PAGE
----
Case study: McDonald’s

Following an 80-restaurant trial, McDonald’s is now offering employees across its 1,200 UK restaurants the opportunity to gain a Level 2 apprenticeship in ‘Multi-Skilled Hospitality’. The qualification recognises job-specific skills acquired through workplace training, combined with GCSE-equivalent maths and English.

The restaurant chain aims to provide apprenticeships for up to 6,000 of its 72,000 UK workforce in 2009, and then up to 10,000 per year from 2010.

David Fairhurst, senior vice-president, chief people officer, McDonald’s UK, says: “In these challenging economic times, it is more important than ever for employers to invest in their staff. With the service and hospitality sector now one of the biggest employers in the UK economy – more than 1.9 million people are employed by the hospitality and tourism sector alone – it’s vital that we and others in the industry invest in skills and training now to ensure the sector is ready to shine when the UK emerges from the downturn.”

He adds: “It is not just our people and our business that will benefit. Apprenticeships are also good news for the wider economy. They enable those who use a job at McDonald’s as a stepping stone to another career, to move on to their next job with a valuable, transferable qualification that helps them hit the ground running.”

Employee perspectives

Alix Potts, trainee manager, McDonald’s, Sleaford, Lincolnshire

In 2007, after working at McDonald’s part time for five years, 22-year-old Potts became a full-time employee, and one of the first McDonald’s apprentices. She saw it as a great opportunity to develop in her job and gain the skills needed to progress to being a manager, and especially enjoyed working in the kitchen as part of her training – something she hadn’t had the chance to do before – as it gave her an insight into how things work that she could relate back to her day-to-day work.

To complete the apprenticeship, Potts needed to take her maths and English GCSE-equivalent qualifications through McDonald’s employee lifestyle and learning website Our Lounge (www.ourlounge.co.uk). She had already gained these GCSEs at school, but as part of her apprenticeship she needed to improve her grades.

Potts says “I now see working at McDonald’s as a career rather than a job, and I can’t wait to continue to develop within the company. I enjoyed everything about my apprenticeship and can’t wait to become a fully qualified manager.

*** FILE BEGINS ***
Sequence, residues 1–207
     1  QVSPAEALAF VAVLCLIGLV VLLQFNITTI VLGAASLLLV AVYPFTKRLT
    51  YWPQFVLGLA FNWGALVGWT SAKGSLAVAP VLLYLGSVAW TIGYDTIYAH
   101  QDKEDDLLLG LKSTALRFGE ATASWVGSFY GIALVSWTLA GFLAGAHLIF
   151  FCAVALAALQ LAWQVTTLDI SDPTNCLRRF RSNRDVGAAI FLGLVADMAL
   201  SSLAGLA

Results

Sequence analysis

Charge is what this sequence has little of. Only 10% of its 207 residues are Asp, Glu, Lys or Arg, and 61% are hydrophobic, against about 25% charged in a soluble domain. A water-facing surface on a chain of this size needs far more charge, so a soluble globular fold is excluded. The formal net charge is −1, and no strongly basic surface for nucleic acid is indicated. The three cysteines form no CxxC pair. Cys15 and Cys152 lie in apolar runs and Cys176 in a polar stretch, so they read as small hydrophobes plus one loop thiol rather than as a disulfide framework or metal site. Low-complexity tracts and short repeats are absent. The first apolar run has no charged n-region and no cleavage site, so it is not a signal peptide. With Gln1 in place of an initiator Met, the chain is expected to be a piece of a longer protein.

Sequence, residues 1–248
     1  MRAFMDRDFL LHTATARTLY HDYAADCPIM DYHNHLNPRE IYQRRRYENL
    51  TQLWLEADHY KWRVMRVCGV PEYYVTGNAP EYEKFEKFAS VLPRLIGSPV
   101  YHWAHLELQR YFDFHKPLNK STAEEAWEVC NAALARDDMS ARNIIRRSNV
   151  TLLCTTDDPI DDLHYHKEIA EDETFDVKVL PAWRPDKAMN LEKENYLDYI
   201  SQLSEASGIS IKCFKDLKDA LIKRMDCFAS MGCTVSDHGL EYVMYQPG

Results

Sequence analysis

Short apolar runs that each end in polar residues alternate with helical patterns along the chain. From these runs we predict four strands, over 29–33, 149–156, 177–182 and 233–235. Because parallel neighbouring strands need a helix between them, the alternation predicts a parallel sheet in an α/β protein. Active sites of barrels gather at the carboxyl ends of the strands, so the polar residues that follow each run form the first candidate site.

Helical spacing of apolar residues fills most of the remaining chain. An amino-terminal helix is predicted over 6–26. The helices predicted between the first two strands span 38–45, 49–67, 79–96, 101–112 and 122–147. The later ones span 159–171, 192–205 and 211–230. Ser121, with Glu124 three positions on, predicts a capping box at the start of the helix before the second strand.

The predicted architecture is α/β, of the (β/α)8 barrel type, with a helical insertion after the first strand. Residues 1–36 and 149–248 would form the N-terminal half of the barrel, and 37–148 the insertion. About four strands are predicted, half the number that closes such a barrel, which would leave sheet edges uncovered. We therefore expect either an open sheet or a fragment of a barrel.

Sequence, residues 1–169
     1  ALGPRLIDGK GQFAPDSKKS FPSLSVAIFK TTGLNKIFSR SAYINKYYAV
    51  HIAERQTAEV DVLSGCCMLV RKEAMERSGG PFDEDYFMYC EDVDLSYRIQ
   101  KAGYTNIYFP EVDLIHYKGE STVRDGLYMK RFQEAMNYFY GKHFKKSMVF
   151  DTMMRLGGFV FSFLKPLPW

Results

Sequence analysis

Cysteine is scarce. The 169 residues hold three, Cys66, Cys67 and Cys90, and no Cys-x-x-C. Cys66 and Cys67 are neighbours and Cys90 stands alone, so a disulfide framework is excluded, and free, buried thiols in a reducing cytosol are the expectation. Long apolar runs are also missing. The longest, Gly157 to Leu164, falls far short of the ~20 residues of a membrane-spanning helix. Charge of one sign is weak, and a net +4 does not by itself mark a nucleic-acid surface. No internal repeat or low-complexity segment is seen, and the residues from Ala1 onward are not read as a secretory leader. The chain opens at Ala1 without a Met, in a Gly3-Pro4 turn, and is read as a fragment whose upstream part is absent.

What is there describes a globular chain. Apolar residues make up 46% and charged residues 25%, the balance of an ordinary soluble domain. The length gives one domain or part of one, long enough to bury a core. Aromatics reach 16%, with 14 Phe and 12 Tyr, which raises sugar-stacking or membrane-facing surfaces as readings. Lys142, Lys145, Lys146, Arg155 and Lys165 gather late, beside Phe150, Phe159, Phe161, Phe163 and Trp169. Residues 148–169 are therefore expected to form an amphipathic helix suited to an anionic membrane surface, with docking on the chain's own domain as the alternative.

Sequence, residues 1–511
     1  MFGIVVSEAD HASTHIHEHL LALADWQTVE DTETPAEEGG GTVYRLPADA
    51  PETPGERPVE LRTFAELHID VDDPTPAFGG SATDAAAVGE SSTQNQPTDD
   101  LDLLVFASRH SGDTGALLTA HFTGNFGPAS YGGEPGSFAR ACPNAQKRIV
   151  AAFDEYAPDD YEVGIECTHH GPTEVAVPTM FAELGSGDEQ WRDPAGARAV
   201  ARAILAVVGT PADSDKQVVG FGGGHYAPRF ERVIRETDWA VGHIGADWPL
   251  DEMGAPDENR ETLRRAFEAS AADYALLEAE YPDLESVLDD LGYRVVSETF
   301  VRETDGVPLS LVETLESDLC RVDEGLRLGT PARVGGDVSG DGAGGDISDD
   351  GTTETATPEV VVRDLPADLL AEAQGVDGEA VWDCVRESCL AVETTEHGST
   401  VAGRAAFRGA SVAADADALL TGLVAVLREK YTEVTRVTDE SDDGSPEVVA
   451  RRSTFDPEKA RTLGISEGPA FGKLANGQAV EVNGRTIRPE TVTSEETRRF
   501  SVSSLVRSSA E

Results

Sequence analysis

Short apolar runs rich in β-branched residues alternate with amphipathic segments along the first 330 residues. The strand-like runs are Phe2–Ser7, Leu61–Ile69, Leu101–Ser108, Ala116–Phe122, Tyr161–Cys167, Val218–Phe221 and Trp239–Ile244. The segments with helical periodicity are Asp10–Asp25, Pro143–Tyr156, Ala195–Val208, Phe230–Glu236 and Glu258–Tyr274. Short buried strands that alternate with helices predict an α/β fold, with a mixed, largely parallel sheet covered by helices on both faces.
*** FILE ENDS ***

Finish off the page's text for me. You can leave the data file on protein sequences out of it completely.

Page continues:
“Flexible working and the support of my managers and team mates really motivated me to complete the apprenticeship, and I’m now really keen to encourage other people to do the same. The skills I’ve gained as a result will help me throughout my life, and the fact that my apprenticeship is equivalent to 5 A*-C GCSEs means I’ve now got better qualifications than I left school with.”

Saddam Habib, shift manager, McDonald’s, Reading

Seventeen-year-old Saddam Habib joined McDonald’s in January 2008. After starting out as a crew member, Habib quickly progressed to shift manager.

Having failed to achieve the GCSE grades he hoped for, he left school aged 16. After only a few months in post, Habib enrolled to become one of McDonald’s first apprentices, and his long-term ambition is to become a restaurant manager.

Having successfully completed his apprenticeship, he is now undertaking McDonald’s A-level equivalent shift management qualification.

He says: “It’s always been my ambition to work my way up through the business, and the apprenticeship has allowed me to launch my career in a way I didn’t think possible. It allows you to learn online, in your own time and at your own pace – it’s nothing like being at school.

Now I’ve got a qualification worth 5 A*-C grades at GCSE level, and new doors are open to me, not only at McDonald’s, but at other companies too”